Florida Mouse

Podomys floridanus

Last updated: March 25, 2023
Verified by: AZ Animals Staff

It is the only mammal native to the state of Florida.


Florida Mouse Scientific Classification

Scientific Name
Podomys floridanus

Read our Complete Guide to Classification of Animals.

Florida Mouse Conservation Status

Florida Mouse Locations

Florida Mouse Locations

Florida Mouse Facts

Crickets, grasshoppers, and soft-bodied ticks
Name Of Young
Group Behavior
  • Solitary
Fun Fact
It is the only mammal native to the state of Florida.
Estimated Population Size
Biggest Threat
Human environmental impact on habitat
Most Distinctive Feature
Orange coloring to sides and cheeks
Distinctive Feature
Big ears and eyes
Other Name(s)
Big-eared deermouse, gopher mouse, and Florida deermouse
Gestation Period
30-34 days
Age Of Independence
About four weeks
Litter Size
1-5 pups
Central and panhandle Florida, in dry, sparsely vegetated regions, and in highlands with minimal tree coverage.
Snakes, foxes, birds of prey, cats, dogs, and skunks.
Average Litter Size
2.5 pups
  • Nocturnal
Favorite Food
Common Name
Florida mouse
North America, Florida
North America, Florida
Nesting Location

Florida Mouse Physical Characteristics

  • Brown
  • Grey
Skin Type
About 4 months in the wild to 7 years in captivity
.88 to 1.73 ounces
7.01 to 7.76 inches
Age of Sexual Maturity
36 to 42 days
Age of Weaning
About four weeks

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Florida Mouse Summary

The Florida mouse is a nocturnal rodent of the family Cricetidae found in the United States in central Florida and within the panhandle. It is the only species in the genus Podomys and the only mammal native to Florida. The Florida mouse resides in some of the sparsest and dryest land of the state, in burrows dug by other animals, and lives on seeds and insects. It has orange coloring on its sides and cheeks and large eyes, and oversized furless ears.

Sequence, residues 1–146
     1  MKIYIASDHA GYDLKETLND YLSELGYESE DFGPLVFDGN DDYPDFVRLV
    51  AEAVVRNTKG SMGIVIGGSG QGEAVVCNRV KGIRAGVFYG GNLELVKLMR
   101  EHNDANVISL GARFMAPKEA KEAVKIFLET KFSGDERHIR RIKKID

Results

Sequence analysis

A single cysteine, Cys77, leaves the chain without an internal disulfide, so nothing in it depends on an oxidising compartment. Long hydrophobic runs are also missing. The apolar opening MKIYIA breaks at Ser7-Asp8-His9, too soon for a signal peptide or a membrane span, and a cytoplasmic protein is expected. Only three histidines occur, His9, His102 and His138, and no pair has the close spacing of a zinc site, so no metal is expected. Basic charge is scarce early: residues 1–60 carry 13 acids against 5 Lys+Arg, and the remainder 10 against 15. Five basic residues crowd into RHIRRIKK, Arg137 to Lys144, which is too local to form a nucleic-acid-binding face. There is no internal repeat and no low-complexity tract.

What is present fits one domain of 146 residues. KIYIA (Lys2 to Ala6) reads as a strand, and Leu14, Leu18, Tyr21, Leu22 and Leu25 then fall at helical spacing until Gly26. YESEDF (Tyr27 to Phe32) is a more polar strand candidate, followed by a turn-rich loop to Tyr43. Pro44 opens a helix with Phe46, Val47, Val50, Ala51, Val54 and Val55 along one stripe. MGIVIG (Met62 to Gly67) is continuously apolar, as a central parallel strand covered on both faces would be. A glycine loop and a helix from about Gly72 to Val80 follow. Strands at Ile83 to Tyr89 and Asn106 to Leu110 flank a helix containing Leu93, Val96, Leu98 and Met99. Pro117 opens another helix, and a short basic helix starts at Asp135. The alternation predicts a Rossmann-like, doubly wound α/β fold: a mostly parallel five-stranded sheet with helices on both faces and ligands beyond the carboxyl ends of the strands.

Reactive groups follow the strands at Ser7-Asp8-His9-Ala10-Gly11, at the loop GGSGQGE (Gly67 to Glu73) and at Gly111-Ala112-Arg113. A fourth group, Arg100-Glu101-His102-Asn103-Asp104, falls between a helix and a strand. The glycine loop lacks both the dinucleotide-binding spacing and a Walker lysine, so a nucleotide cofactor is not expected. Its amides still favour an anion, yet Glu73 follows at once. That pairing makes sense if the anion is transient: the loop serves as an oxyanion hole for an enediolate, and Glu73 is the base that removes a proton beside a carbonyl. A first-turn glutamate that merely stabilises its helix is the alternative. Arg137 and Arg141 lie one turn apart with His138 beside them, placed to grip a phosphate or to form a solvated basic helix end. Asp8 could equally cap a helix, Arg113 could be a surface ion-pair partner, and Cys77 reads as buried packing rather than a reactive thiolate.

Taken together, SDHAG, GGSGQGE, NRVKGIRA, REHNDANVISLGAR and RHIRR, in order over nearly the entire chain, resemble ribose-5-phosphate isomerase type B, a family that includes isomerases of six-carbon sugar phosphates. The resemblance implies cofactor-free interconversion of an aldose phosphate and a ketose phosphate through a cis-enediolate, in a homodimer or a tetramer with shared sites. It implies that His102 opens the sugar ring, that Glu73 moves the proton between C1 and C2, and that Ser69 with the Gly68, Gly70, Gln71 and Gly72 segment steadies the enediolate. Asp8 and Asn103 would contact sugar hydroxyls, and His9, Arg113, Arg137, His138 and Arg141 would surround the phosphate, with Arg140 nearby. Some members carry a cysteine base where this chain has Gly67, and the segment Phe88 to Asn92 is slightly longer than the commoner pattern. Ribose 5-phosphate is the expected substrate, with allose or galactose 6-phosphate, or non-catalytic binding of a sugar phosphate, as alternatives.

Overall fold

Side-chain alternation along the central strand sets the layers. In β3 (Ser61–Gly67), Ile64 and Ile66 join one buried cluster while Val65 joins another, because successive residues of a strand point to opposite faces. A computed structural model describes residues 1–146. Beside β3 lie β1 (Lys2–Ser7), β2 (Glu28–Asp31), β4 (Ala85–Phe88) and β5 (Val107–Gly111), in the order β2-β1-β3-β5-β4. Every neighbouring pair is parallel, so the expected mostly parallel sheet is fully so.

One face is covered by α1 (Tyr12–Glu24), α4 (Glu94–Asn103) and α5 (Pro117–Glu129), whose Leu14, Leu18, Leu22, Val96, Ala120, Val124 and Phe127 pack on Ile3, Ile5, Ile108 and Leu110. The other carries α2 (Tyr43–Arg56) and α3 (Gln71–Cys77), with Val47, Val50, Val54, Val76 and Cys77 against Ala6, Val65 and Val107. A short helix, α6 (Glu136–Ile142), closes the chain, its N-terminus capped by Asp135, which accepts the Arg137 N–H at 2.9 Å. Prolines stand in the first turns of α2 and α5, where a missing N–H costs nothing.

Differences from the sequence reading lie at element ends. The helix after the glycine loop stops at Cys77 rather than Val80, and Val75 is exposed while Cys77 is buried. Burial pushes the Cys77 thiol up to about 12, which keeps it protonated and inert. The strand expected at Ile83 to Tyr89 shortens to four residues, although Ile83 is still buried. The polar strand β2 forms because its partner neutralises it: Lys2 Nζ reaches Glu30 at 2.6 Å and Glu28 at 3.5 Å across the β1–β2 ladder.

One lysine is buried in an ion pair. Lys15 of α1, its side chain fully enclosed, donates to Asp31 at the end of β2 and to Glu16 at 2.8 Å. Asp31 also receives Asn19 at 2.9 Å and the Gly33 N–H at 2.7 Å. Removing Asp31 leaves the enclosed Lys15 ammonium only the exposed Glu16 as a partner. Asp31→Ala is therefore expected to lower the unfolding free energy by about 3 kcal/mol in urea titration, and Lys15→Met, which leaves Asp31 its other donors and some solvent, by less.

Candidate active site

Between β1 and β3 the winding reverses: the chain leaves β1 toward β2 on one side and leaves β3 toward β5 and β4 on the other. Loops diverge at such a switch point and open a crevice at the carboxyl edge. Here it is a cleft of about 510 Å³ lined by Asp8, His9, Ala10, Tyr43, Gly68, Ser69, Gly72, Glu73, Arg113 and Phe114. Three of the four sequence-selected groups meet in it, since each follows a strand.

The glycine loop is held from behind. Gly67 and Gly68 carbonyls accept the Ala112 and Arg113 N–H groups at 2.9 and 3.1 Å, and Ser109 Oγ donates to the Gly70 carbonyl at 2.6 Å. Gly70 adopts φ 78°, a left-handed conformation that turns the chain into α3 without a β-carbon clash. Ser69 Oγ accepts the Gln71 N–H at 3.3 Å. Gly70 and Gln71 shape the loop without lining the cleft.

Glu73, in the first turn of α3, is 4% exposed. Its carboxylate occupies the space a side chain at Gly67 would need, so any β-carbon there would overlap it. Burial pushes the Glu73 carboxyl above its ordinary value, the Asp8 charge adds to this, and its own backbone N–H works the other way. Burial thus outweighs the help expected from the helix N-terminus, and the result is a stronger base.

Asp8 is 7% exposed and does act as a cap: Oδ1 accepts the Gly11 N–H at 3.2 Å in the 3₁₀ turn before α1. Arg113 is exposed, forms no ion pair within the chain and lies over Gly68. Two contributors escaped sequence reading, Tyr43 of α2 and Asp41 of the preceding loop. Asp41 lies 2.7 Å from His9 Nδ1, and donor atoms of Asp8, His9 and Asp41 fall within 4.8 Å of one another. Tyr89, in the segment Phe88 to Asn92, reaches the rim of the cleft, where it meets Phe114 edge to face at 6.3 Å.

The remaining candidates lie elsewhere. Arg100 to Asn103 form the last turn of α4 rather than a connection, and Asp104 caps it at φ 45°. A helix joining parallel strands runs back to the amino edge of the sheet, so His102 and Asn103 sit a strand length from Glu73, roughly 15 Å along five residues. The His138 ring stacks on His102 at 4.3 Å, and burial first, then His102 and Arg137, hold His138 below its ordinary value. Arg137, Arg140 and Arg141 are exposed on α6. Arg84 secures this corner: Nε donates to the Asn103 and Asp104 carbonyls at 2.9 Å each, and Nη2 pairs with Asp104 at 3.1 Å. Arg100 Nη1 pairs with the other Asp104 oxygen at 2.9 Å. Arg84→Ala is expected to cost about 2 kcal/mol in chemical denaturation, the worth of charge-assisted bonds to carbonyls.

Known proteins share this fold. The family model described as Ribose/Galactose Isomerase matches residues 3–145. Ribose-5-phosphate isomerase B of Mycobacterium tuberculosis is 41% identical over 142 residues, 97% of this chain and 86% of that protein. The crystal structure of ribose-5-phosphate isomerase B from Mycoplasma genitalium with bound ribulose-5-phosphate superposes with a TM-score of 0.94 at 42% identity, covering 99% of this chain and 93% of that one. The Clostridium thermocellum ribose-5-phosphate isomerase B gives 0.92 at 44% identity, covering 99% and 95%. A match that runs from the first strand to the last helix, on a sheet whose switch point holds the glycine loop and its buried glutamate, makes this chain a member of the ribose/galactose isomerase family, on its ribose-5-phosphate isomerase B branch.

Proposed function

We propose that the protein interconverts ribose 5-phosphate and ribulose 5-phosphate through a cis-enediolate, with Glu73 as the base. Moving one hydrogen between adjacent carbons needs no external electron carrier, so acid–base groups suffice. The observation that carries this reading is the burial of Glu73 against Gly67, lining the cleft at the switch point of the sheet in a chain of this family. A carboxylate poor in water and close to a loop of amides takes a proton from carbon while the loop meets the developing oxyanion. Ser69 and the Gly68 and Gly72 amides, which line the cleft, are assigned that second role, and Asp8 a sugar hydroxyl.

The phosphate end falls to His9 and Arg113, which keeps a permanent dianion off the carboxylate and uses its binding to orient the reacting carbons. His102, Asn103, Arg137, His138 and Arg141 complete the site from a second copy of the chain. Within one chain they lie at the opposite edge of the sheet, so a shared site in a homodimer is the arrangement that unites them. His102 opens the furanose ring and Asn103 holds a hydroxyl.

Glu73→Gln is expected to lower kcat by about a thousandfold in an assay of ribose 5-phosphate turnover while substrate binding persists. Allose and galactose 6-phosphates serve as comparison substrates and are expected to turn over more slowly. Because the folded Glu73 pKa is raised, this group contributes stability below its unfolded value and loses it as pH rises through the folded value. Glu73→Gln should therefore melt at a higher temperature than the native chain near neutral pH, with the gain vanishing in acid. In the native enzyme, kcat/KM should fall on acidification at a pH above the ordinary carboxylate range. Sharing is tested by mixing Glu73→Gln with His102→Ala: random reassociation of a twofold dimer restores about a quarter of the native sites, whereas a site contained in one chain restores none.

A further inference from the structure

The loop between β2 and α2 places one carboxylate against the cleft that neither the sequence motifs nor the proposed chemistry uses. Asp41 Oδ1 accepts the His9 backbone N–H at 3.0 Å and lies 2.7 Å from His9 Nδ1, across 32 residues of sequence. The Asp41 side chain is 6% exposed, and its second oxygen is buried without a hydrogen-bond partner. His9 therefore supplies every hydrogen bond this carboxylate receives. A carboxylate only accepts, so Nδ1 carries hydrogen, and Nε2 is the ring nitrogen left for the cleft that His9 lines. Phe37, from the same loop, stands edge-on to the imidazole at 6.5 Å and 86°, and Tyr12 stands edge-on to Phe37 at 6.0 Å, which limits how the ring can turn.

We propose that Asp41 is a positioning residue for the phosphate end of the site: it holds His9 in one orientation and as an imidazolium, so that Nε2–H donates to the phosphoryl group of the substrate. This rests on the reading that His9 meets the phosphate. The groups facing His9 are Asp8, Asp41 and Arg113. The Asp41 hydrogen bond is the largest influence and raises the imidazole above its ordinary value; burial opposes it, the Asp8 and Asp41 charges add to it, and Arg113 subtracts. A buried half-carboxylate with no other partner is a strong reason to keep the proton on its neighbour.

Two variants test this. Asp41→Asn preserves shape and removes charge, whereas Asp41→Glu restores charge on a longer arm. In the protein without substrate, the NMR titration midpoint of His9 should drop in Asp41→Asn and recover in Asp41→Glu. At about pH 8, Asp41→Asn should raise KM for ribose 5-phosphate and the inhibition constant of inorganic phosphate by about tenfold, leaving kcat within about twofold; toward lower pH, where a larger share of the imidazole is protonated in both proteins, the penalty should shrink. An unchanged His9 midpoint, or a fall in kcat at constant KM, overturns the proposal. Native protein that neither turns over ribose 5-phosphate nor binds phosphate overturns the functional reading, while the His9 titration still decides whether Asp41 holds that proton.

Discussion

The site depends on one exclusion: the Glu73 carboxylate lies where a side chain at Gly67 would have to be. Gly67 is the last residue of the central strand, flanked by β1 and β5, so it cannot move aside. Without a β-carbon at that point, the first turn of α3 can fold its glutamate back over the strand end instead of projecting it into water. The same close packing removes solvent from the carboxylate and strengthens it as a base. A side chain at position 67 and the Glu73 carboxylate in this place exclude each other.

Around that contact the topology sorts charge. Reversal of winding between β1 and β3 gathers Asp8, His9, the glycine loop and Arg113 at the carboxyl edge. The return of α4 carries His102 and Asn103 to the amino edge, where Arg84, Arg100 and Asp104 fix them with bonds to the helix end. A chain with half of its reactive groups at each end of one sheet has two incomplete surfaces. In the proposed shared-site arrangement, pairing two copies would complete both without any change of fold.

Florida Mouse Facts

  • Florida mice have a unique, skunk-like smell.
  • It is the only mammal native to the state of Florida.
  • To escape a predator, Florida mice can drop the skin off their tails.

Florida Mouse Scientific Name

The scientific name of the Florida mouse is Podomys floridanus, from the Greek pod, meaning “foot,” and mys, meaning “mouse,” which is a New Latin adaptation of the Greek. Floridanus refers to Florida, of course. It is the only species of the genus Podomys. It is a rodent from the family Cricetidae, which has 692 species, including muskrats, voles, hamsters, lemmings, rats, and mice.

Florida Mouse Appearance 

They are gray to brown on their top, orange patches on their cheeks and sides, and white underneath. Their tails are brown on top and white bottom. The ears are large and nearly furless, while their eyes are proportionally large. Their tails are approximately 80% of the length of their bodies. Florida mice have five pads on their hind feet, distinguishing them from cotton and oldfield mice, which have 6-7.

Florida Mouse Behavior

The Florida mouse is a nocturnal rodent. It forages at night, though it will avoid frigid nights. They can climb, but they prefer to remain on the ground. They live in burrows but do not make their own, choosing to inhabit the burrows of the gopher tortoise. If those are unavailable, they will use the burrows of other mouse species or armadillos. They do not hibernate because the temperature range in Florida is adequate for year-round feeding, mating, etc. When they get excited, they stamp their feet, making a thumping sound.

Florida Mouse Habitat

Only found in Florida, they like open upland areas with under 25% tree coverage, preferably longleaf pine or turkey oak with sparse ground cover. However, most populations are found in low coastal sandhills with dry vegetation, like scrub brush. These temperate grasslands and trees are typically burned naturally every 4-10 years, clearing the area and starting the undergrowth anew.

Florida Mouse Diet